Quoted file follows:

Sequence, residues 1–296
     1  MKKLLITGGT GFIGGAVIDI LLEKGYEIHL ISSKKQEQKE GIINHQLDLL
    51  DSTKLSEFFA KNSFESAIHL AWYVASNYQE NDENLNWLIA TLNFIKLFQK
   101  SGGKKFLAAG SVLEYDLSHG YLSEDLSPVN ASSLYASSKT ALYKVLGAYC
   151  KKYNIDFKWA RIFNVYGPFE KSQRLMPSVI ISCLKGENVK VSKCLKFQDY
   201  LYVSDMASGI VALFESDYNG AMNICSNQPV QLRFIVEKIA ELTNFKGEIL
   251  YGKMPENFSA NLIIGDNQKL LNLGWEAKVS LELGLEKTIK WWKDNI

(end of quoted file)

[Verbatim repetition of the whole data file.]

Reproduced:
Sequence, residues 1–296
     1  MKKLLITGGT GFIGGAVIDI LLEKGYEIHL ISSKKQEQKE GIINHQLDLL
    51  DSTKLSEFFA KNSFESAIHL AWYVASNYQE NDENLNWLIA TLNFIKLFQK
   101  SGGKKFLAAG SVLEYDLSHG YLSEDLSPVN ASSLYASSKT ALYKVLGAYC
   151  KKYNIDFKWA RIFNVYGPFE KSQRLMPSVI ISCLKGENVK VSKCLKFQDY
   201  LYVSDMASGI VALFESDYNG AMNICSNQPV QLRFIVEKIA ELTNFKGEIL
   251  YGKMPENFSA NLIIGDNQKL LNLGWEAKVS LELGLEKTIK WWKDNI